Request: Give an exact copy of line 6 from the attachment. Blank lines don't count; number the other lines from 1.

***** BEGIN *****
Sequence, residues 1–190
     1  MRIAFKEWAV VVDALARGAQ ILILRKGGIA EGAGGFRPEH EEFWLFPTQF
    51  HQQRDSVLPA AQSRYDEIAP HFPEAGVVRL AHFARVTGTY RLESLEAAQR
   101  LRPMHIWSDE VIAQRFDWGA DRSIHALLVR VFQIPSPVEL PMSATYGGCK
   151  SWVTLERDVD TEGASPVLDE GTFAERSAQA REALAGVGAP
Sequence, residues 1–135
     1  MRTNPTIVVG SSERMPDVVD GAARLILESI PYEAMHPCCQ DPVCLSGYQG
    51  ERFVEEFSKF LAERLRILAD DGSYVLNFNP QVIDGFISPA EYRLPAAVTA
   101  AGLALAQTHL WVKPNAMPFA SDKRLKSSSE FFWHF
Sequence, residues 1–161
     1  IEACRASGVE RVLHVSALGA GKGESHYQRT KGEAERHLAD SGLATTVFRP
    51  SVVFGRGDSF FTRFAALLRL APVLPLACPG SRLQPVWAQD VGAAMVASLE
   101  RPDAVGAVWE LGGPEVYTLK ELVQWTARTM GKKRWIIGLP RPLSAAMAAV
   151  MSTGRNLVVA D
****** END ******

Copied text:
Sequence, residues 1–135